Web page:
Could it possibly be one of the many factors influencing bonding? Sure, so can a million other things. What about a mom who births at home in a very natural setting but suddenly comes down with a bad case of the flu right after or during the birth, that would probably influence the bonding process too, right?
I was induced with Cytotec,had an epidural, given stadol (I think some kind of pain killer that made me loopy), had a c-section, did not even get to touch my baby for hours after the birth, did not get to breastfeed for over 24 hours.
I also had not prior done any research on natural birth, parenting, I didn't even know what attachment parenting was. In fact I read someones UC birth story a few days before my daughter was born and I was mystified that someone would *choose* to not go to a hospital to give birth.
I felt bonded with my child the minute she was born, before she was born I felt bonded with her. I am a great mother I love her fiercely.My birth experience and my lack of prior knowledge in no way made me a less "loving" or "natural" parent. She breastfed for 3 1/2 years and self weaned. She co slept and still comes into our bed every night.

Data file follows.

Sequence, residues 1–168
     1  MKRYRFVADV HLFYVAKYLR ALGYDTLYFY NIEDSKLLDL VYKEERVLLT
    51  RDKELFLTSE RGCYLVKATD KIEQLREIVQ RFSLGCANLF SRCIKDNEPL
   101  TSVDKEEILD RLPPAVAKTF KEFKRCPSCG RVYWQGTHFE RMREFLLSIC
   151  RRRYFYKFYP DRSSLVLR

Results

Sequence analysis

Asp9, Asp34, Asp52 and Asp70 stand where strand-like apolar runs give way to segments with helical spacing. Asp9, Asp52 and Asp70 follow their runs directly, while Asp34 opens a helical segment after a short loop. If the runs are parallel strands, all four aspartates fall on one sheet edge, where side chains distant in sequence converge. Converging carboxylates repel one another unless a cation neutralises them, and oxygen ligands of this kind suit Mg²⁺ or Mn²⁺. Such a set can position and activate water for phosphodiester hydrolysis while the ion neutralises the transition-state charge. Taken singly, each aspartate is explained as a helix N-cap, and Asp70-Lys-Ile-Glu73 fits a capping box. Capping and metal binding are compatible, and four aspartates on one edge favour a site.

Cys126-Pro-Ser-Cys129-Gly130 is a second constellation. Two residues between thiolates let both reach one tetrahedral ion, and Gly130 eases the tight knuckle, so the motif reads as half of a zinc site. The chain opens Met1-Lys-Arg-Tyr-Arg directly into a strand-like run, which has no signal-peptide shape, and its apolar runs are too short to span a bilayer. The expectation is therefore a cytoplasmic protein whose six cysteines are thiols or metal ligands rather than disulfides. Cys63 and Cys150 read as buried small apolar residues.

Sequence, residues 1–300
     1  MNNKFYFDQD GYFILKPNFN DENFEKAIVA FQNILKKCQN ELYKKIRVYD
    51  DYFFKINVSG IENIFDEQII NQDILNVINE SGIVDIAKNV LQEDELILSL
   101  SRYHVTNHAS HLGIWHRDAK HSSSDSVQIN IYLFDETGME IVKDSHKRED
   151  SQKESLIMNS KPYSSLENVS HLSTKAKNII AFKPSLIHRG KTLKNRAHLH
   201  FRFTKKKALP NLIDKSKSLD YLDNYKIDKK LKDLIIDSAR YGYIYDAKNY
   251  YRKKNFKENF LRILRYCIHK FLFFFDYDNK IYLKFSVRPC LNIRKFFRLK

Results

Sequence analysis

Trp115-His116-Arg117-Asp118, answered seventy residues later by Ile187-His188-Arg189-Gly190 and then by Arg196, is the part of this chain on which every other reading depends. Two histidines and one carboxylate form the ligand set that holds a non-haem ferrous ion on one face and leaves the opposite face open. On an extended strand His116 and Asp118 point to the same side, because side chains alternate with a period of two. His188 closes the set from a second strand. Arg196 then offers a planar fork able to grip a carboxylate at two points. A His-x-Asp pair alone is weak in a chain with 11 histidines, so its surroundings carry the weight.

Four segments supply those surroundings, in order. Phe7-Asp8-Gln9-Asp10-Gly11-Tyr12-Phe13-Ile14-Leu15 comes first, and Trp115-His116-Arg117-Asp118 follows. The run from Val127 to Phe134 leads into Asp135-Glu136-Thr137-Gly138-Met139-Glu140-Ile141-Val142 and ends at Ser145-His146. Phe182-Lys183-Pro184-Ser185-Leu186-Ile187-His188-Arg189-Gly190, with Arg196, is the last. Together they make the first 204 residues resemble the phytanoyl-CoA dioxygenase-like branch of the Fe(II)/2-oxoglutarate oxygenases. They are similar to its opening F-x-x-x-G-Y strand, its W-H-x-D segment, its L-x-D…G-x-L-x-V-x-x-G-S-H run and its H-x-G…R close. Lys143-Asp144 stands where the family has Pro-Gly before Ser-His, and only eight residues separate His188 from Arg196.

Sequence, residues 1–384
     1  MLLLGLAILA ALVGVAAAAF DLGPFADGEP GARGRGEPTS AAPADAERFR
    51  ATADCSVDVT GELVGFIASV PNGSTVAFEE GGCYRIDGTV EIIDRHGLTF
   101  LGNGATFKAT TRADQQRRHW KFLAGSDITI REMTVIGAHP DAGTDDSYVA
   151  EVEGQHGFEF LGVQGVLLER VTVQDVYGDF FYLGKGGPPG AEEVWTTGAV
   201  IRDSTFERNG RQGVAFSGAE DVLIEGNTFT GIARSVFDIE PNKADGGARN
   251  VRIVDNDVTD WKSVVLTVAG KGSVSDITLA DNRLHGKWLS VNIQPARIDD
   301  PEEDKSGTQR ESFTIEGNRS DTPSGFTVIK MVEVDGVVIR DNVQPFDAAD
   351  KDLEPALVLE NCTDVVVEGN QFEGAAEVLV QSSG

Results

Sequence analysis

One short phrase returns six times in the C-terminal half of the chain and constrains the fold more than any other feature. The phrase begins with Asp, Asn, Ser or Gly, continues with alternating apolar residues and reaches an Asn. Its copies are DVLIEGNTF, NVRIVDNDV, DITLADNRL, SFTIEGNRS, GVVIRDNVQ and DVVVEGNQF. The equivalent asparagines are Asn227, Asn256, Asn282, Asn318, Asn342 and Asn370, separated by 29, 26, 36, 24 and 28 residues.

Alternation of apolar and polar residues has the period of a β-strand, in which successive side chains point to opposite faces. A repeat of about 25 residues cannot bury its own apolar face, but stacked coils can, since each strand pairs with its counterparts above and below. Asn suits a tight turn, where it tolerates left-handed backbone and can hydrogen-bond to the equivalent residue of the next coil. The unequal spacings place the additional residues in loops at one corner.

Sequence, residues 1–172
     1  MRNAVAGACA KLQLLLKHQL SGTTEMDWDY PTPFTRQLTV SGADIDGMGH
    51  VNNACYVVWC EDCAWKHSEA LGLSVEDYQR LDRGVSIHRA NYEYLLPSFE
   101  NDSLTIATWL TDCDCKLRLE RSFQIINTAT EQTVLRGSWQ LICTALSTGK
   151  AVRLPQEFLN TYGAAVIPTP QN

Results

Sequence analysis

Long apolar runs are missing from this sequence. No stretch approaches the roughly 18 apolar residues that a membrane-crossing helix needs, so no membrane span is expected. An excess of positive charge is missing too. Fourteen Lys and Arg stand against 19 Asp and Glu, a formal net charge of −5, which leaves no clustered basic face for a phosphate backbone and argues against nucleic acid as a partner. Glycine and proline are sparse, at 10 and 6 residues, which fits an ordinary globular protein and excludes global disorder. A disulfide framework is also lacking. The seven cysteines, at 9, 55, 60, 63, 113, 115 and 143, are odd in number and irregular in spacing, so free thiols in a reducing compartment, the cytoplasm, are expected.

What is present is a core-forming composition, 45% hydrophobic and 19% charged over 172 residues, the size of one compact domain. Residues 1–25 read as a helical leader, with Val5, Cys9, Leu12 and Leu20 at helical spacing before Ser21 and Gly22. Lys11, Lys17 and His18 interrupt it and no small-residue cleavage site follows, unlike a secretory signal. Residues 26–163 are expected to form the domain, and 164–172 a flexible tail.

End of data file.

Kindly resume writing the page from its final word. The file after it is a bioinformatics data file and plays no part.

Do I think my birth experience made all this *physically* harder? Yes it did no doubt about that. Have I had some emotional difficulty with the c-section? Sure, I had some issues to work through about it. Did it make it harder to love my child? Harder to be a mother? No way.
Natural childbirth does not give you good mom or love your baby points that no one else can ever get. The reasons that people make the parenting choices that they do exist independently of birth.
That study you linked is a little deceptive. Sure 17% of the mothers in the c-section group had a self esteem loss. Why? Because of the epidural? Or because so many people believe that if you have had a c-section you have not given birth, or that you will be a lesser mother, or not have as good of a bond with your baby. The people who go into birth with those beliefs and end up with a c-section anyway have it the worst because they come out of the experience feeling like failures, and that they have lost something they can never ever regain. Having that reaffirmed by the beliefs of others does nothing to help their self esteem.
Birth is one day, not even a day, a moment. Guess what? Even babies who come out through surgical incisions are born. The mothers who gestated them are the ones birthing them. They may not be pushing the baby out but their body is being ravaged in order to give life to their child. Taking that away from them by minimizing c-section birth is so unfair.
Moms with "unnatural births" should not get lumped into "at risk to be a bad mother" by default. We should not have to prove that we have pulled away from the "norm" and are good mothers, we should get the same courtesy extended to any other mother and have it be *assumed* that we will be good mothers.